On July 13, 2016 the CMS Office of the Actuary (OACT) released its 2015-2025 projections of national health expenditures data. According to the report, total health care spending is expected grow at an average annual rate 5.8 percent over the next decade (2015-2025). Total national health spending is estimated to have increased by 5.5 percent in 2015 and is believed to have reached a total of $3.2 trillion in 2015.
Of significant interest, the data projects that health care spending is projected to grow 1.3 percentage points faster than GDP per year over this same time period (2015-2025). This means that the share of health spending in America’s GDP is expected to rise from 17.5 percent in 2014 to 20.1 percent by 2025. While the above projections may raise initial red flags, a number of figures in the report are cause for optimism, including:
- Projected national health spending growth is lower than the average rate of growth over the two decades prior to 2008;
- In 2016 growth in health spending is projected to lessen by 0.7 percent as the enrollment in Medicaid and ACA marketplace plans slows;
- The share of health expenses paid out-of-pocket is projected to decline form 10.9 percent in 2014 to 9.9 percent in 2025;
- Insured share of the population is expected to rise from 89 percent in 2014 to 92 percent by 2025 (this would lower the number of uninsured to a projected 28.4 million individuals).
The projections include estimates on the Medicare and Medicaid programs. Medicaid is expected to spend an average of nearly $12,500 a year per beneficiary in 2025, up from about $8,000 per beneficiary in 2015.
By 2025 it is projected that one out of every five Americans will be on Medicare, and the program will be spending an additional $6,000 per year per beneficiary in 2025 over the $12,000 per beneficiary spent in 2015. For comparison, private insurers are expected to spend roughly $8,600 per beneficiary in 2025, compared to the $5,400 they spent per beneficiary in 2015.
From 2020 to 2025, Medicare is expected to grow faster than all other comparable payers as its spending expands at a rate of 7.6 percent; of note is the rising age of the baby-boomer generation which will dramatically expand the number of Medicare eligible individuals.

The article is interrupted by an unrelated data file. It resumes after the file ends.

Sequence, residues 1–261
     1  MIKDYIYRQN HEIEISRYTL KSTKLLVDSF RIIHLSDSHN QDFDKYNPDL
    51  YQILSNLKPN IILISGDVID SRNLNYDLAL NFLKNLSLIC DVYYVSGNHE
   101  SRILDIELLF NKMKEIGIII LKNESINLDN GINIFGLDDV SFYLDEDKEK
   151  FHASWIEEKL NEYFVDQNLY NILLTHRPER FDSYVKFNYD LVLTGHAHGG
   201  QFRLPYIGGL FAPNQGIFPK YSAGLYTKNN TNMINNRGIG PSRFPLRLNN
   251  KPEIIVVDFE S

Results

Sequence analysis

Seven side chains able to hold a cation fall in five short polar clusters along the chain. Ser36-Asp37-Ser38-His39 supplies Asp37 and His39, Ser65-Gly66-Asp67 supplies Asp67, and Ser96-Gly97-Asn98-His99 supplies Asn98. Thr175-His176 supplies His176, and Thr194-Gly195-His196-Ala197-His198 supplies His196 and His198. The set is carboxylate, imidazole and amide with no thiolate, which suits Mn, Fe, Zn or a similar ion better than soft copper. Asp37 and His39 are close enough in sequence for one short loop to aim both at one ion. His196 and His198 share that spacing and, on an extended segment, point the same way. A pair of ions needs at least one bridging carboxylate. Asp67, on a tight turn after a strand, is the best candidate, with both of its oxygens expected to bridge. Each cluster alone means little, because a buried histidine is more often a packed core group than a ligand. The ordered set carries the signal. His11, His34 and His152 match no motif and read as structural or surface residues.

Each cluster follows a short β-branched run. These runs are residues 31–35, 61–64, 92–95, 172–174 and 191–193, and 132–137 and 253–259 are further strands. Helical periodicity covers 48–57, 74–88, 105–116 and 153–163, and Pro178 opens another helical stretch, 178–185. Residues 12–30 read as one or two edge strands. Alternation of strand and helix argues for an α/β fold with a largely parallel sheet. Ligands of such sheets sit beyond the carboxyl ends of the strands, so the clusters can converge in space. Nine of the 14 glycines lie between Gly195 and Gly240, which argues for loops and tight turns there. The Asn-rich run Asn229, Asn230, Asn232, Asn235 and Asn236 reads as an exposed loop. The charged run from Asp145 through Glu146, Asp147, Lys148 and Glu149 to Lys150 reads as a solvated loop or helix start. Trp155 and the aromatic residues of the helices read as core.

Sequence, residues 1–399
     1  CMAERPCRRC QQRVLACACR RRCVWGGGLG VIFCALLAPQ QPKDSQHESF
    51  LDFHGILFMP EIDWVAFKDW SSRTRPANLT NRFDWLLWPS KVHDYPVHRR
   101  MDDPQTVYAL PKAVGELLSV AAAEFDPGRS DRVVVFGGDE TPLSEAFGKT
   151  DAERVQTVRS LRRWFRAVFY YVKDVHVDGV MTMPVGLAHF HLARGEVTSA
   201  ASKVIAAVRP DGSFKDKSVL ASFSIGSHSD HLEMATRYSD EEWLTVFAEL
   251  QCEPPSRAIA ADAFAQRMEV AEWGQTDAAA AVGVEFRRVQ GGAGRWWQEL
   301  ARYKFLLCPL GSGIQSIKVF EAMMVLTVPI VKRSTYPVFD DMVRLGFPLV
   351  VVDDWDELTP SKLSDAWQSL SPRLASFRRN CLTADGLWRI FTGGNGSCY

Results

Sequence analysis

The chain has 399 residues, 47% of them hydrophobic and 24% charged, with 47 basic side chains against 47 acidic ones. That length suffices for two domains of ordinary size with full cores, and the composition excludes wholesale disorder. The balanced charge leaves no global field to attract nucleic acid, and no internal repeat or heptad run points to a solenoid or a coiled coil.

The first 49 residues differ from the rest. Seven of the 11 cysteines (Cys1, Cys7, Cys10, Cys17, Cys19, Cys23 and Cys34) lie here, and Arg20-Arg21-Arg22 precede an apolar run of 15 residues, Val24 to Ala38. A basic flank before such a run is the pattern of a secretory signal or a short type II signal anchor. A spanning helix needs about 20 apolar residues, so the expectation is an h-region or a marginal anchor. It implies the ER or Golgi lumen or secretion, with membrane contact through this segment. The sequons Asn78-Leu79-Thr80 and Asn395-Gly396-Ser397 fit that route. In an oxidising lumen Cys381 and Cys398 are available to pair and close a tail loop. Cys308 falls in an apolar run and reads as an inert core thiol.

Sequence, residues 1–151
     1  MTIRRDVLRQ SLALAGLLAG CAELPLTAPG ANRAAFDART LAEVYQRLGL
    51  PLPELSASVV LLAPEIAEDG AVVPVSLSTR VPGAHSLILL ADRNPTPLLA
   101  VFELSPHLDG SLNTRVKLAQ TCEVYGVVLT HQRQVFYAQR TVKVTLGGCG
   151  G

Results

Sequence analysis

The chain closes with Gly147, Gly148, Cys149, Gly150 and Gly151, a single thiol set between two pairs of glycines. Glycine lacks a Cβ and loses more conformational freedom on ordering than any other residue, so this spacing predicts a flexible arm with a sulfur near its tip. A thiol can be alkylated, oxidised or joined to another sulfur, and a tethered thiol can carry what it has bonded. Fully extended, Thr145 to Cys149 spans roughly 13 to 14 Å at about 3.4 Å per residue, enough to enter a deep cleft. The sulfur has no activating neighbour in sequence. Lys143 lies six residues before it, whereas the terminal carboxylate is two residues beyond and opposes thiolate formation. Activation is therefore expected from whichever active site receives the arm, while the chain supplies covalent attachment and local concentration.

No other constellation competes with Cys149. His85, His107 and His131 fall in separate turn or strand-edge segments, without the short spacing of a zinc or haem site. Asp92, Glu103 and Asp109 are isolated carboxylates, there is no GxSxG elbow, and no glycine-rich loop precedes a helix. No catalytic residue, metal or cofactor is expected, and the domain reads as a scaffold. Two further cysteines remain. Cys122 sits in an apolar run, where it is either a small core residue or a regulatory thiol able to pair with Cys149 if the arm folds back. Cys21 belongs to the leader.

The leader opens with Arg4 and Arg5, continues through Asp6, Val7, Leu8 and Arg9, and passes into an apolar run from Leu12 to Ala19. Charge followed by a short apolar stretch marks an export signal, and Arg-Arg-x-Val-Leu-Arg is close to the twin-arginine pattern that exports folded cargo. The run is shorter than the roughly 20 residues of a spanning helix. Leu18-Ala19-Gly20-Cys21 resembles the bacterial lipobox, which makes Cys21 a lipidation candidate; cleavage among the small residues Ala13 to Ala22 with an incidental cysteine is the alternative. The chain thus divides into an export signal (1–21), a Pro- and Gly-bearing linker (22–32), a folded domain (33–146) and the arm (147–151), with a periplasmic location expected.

The report states that the primary drivers of national health spending and coverage trends over the next decade will be:
- the initial effects of the Affordable Care Act (ACA) on health care spending and insurance coverage;
- increases in economic growth;
- faster growth in medical prices, and
- population aging.
Federal, state, and local governments are projected to finance 47 percent of national health spending in 2025, up from 45 percent in 2014.
CMS Acting Administrator Andy Slavitt stated his belief that provisions of the Affordable Care Act have been helping keep health spending growth at modest levels, while enabling more Americans to have access to coverage. He continued proclaiming, “Per-capita spending and medical inflation also remain at historically very modest levels, demonstrating the importance of continuing to reform our delivery systems.” In 2015, Congress passed the Medicare Access and CHIP Reauthorization Act which is set to significantly reform the Medicare payment system.
As always, ADVOCATE will keep you up to date on this and all issues impacting radiology as they become available.
Kirk Reinitz, CPA